There are 4,815 total residents training in nearly 250 ACGME-accredited obstetrics and gynecology training programs.1 Of these, 71.8% are graduates of U.S. allopathic medical schools, 19.9% are international medical graduates, and 8.1% are osteopathic graduates. In recent years, over 1,100 categorical positions have been available in the Match.
We recently discussed the obstetrics and gynecology residency selection process with Dr. Eugene Toy, the Vice Chair of Academic Affairs and residency program director in the Department of Obstetrics and Gynecology at The Methodist Hospital in Houston, TX. Dr. Toy is widely known as the creator, series editor, and primary author of McGraw-Hill’s popular Case Files Series.
After completing his undergraduate education at Stanford University, Dr. Toy earned his medical degree at the Baylor College of Medicine, graduating with high honors and induction into the Alpha Omega Alpha Honor Society. Following residency training in family medicine and obstetrics and gynecology, he joined the faculty at the University of Texas Medical School at Houston where he has been deeply involved in medical student education through his role as clerkship director of the obstetrics and gynecology clerkship. For his dedication to teaching, he has been the recipient of numerous awards, including the Herbert L and Margaret W Dupont Master Clinical Teaching Award and the McGovern Award for Best Clinical Teaching.
In one survey, students at 15 U.S. medical schools were asked about their specialty interest at the time of freshman orientation. Four percent indicated that obstetrics and gynecology was the specialty they were most interested in pursuing.2 How can students interested in the specialty explore their interest further during the preclinical years?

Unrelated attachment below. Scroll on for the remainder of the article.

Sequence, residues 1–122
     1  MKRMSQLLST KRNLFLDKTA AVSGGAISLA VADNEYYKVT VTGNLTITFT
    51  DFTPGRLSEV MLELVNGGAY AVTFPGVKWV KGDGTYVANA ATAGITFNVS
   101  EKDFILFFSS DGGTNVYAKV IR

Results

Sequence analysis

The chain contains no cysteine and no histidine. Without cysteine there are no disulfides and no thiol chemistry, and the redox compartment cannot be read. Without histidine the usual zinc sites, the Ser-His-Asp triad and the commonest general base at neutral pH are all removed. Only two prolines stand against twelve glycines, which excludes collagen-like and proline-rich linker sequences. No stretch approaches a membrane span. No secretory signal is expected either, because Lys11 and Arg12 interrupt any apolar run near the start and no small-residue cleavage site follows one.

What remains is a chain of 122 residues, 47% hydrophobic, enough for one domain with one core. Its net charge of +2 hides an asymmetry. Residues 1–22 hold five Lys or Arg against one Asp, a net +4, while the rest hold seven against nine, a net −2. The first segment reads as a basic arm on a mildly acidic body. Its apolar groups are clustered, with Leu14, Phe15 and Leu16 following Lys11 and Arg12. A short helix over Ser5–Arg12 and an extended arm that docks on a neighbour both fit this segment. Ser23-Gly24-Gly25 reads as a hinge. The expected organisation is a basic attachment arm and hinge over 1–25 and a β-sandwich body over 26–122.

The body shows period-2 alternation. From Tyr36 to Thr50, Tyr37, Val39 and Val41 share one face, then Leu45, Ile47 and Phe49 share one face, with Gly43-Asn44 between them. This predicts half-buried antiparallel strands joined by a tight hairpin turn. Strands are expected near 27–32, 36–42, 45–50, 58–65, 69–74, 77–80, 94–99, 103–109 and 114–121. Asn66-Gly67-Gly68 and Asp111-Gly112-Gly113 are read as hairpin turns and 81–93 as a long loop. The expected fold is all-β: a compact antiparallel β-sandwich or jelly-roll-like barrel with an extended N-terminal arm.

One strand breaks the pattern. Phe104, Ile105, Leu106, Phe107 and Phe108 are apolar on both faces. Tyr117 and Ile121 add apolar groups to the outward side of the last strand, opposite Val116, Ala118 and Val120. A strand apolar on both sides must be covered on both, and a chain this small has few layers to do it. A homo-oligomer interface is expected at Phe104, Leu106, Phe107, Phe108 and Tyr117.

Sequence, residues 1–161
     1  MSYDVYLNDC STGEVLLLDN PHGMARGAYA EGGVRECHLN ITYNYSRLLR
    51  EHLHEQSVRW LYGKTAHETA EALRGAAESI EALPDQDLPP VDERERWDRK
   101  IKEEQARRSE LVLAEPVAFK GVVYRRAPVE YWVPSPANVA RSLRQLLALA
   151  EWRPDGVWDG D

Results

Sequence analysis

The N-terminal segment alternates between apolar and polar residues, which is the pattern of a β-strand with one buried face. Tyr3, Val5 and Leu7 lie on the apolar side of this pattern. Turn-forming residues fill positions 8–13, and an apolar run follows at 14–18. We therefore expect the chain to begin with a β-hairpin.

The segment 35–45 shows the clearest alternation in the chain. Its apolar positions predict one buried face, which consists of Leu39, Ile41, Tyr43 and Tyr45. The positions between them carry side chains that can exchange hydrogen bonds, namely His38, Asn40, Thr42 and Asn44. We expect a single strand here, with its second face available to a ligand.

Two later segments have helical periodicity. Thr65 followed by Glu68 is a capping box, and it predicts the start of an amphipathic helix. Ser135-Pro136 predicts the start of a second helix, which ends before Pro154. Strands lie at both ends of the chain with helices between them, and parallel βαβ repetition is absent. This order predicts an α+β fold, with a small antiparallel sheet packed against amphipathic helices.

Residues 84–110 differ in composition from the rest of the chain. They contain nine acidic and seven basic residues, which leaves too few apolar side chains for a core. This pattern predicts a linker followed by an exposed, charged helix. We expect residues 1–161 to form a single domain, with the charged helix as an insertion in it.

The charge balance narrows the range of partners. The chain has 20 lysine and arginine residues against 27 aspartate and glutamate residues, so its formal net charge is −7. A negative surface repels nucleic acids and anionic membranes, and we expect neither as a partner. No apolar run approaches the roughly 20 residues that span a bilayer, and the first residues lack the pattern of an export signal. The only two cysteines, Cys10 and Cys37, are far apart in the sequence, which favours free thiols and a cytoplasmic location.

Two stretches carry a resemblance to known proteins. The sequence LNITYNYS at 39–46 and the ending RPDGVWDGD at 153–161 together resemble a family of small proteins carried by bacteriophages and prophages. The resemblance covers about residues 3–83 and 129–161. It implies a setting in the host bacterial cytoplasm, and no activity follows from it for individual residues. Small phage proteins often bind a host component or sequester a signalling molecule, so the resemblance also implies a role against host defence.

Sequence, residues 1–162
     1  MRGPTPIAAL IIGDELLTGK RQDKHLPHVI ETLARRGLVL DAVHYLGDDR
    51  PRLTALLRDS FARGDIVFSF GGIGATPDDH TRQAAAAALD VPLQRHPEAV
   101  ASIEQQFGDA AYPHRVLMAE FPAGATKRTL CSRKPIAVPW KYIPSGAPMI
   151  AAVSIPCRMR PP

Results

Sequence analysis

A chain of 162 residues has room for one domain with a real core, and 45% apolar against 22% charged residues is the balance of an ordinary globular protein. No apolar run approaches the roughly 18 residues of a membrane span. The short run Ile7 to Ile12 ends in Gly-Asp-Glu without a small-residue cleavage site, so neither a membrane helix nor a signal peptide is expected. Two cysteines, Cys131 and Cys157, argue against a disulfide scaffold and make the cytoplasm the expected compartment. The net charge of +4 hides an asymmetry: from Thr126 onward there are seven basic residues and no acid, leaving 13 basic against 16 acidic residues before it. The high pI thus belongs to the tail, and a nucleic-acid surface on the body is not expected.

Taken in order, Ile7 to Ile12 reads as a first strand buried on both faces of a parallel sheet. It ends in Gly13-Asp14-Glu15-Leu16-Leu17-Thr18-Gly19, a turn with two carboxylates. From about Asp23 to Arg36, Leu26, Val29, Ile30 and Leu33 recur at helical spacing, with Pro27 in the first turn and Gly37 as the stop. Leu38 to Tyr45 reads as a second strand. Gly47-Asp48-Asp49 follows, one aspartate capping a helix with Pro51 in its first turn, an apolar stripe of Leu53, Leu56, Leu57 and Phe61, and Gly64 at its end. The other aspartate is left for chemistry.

It is interesting how many times students will be neutral or even leaning away from obstetrics and gynecology, and then during the rotation, they will be surprised by how much they love ob/gyn. My recommendation for any preclinical student is to keep one’s mind open, talk with different physicians in different specialties, and be willing to explore the different subspecialties. Shadowing a physician in private practice, doing some research for a summer, and talking to a student-friendly faculty member in giving advice are good ways to gain such exposure.
Obstetrics and gynecology is considered a core clerkship, and most U.S. students take the rotation during their third year of medical school. A new academic year is set to begin, and, for some third year medical students, obstetrics and gynecology will be their first clerkship. What can students do to make the most of their clerkship, and have a successful experience?
No matter where ob/gyn falls within the third year, a student can show the basic characteristics of enthusiasm, interest, active learning, effort, and attitude. Because ob/gyn tends to attract physicians who are ready to act quickly and intervene surgically, students should also prepare to be assertive learners balanced by knowing one’s place in the hierarchy.
How should students – who decide to pursue obstetrics and gynecology as a career – plan their fourth year schedule?
My recommendation is to do between 2-3 ob/gyn electives early in the fourth year. This allows the student to truly be certain that this is the correct career choice, and also will enable the student to get valuable letters of recommendation. The main time for interviews for ob/gyn is Nov, Dec, and Jan. Thus, scheduling easier rotations or a month of vacation during this time is advisable. Thereafter, required or educational rotations can be taken to round out the year.
Dr. Carol Major, director of the obstetrics and gynecology residency program at the University of California-Irvine School of Medicine, feels that audition or away electives can be beneficial to all students, regardless of their class rank.3 Of course, to gain maximum benefit, she states that students must do well. What is your opinion on the importance of audition electives?